Is dutch a country or a language?
Dutch is a language spoken in the Netherlands.
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Dutch people are from The Netherlands, also known as Holland or thelow countries. The one exception to this are the "Pennsylvania Dutch," becausethat name came from a misinterpretation of the word "deutsch,"which means German. So Pennsylvania Dutch people are from Germany.All the rest of the Dutch …are from Holland. ( Full Answer )
The Dutch language is a Germanic language mainly spoken inthe Netherlands, northern Belgium (Flanders), Suriname and theDutch Antilles. Small pockets of Dutch speakers also live inNorthwestern France (around Calais) and western Germany, around thecity of Cleves. In South Africa, Afrikaans is spok…en. Afrikaans is a language whichderives from the Dutch spoken by Dutch settlers. The two languagesare mutually intelligible, and for that reason are often groupedtogether by linguists. Dutch is related to English, Frisian, German and the Scandinavianlanguages. Is incorrectly considered to be one of the hardest to learn. (it'sactually one of the easiest for English speakers. Yes, Dutch. ( Full Answer )
You will also find Dutch speakers in Aruba, Bonaire, and CuraÃ§ao (known as the "ABC Islands"), Saba, St. Eustatius, and Sint Maarten (known as the "SSS Islands"), and Surinam, collectively known as the "Netherlands Antilles."
the netherlands and some of its former colonies like surinam, the dutch antillies and the flemish part of belgium.
By pasting Dutch text on websites like Babelfish(Yahoo) or google translate. Hit the translate button and its done. Be careful, translations generated with this sort machines are never a reliable one.
The Netherlands, Belgium, French Flanders, Indonesia (amongst older people), some communities in South Africa who refuse to recognise Afrikaans, the Congo and Suriname. In northern Germany very similar languages are spoken, for example East Frisian, Mecklenburggish and Pomeranian Platt. Westphalian… is also similar, as is North Frisian. The dialect of Hamburg is particularly similar to Dutch. ( Full Answer )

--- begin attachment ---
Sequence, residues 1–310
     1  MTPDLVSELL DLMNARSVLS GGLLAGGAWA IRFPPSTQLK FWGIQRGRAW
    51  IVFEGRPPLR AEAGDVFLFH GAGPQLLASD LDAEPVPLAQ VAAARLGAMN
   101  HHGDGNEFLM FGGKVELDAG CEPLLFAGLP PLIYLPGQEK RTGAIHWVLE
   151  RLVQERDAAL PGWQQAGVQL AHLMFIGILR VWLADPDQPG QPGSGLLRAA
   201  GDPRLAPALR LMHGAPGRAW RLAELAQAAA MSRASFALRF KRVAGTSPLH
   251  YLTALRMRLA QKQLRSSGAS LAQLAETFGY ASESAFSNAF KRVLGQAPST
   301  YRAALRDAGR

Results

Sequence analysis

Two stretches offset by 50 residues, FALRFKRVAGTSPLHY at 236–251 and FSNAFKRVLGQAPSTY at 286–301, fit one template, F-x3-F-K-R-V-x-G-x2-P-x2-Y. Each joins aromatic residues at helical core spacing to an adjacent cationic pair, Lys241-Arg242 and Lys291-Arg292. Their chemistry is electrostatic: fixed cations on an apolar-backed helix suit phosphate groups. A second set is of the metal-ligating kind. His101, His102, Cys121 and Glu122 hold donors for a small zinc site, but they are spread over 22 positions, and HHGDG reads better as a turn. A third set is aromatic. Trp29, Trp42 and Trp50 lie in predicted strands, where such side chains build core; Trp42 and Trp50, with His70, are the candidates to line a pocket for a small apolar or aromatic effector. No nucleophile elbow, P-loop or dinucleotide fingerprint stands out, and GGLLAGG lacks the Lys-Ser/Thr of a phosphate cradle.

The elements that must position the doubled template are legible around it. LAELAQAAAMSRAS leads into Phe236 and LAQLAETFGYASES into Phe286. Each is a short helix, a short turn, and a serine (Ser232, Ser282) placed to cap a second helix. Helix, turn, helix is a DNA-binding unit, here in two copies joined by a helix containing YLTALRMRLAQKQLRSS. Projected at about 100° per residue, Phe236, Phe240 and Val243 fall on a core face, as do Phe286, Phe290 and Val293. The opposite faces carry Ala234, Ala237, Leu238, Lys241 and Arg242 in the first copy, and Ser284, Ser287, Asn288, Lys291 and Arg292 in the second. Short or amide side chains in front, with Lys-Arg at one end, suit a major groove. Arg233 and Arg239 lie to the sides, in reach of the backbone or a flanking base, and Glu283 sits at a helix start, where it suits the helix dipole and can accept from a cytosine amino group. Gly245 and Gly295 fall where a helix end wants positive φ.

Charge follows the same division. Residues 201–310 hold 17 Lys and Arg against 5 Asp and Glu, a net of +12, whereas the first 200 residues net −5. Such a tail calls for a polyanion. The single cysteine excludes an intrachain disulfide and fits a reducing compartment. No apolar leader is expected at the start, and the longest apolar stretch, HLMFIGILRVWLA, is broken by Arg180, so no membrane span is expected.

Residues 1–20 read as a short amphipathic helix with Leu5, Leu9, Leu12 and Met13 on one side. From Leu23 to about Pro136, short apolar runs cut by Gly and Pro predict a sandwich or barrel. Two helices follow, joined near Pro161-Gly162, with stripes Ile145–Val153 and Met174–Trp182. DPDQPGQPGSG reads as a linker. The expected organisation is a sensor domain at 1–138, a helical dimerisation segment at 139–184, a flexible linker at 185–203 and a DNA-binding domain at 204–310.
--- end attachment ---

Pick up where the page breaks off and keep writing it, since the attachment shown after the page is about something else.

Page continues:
Papiamento, or Papiamentu, is the language spoken on the Caribbean islands of Aruba, Bonaire, and CuraÃ§ao (the so-called ABC islands).. Papiamento is a creole language with roots in primarily African, Portuguese and Dutch and to a lesser extent Spanish, and Native Indian languages. The biggest m…enace to the existence and the further development of Papiamentu is that native speakers tend to deviate from its origins by replacing original African, Portuguese and Dutch words with Spanish equivalents.. Papiamento has two main dialects: Papiamento in Aruba and Papiamentu in CuraÃ§ao and Bonaire. Although the Papiamentu in CuraÃ§ao and Bonaire are significantly the same, there are still minor differences.. Papiamento sounds much more Spanish. The most apparent difference between the two dialects is given away in the name difference. Many words in Aruba end with "o" while that same word ends with "u" in CuraÃ§ao and Bonaire.It is the same as the letters c and k.. For example:. Papiamento: Palo (tree) Cas (house) Papiamentu: Palu (tree) Kas (house). THIS INFORMATION IS DIRECTLY FROM WIKIPEDIA, MORE INFORMATION ON THIS LANGUAGE CAN BE FOUND THERE* ( Full Answer )
\nAccording to the "Dikke van Dale", the most respected Dutch dictionary, there are approximately 240.000 words (translated from http://www.ikhebeenvraag.be/vraag/7996). \n. \nThe director of Dutch institute of Lexicality estimates more then 5 million words are ever used in the Netherlands. The l…anguage Databank, a computer that registers all words and word-forms, registered 60 million words - including conjugations of verbs. (translated from http://taalunieversum.org/taal/vragen/antwoord/9/).\n. \nHowever the amount of combinations and new words is infinite, and therefore it is difficult (if not impossible) to give a correct estimation. ( Full Answer )
Suriname is the South American country in which Dutch is the official language. Specifically, Suriname is South America's smallest independent country. It used to be a colony of the European Kingdom of the Netherlands. During its colonial period, the country's name was Dutch Guiana.
Aruba Belgium CuraÃ§ao Netherlands Sint Maarten Suriname Luxembourg Dutch is also a former colonial language of Indonesia, and many older people there can speak it. Afrikaans, spoken in South Africa, is very similar to dutch, and many Afrikaans speakers can understand Dutch.
The Kingdom of the Netherlands. Also reffered as Holland in many countries. Generally people just use the term Netherlands. The kingdom of the Netherlands is used when they include the islandgroup near south america.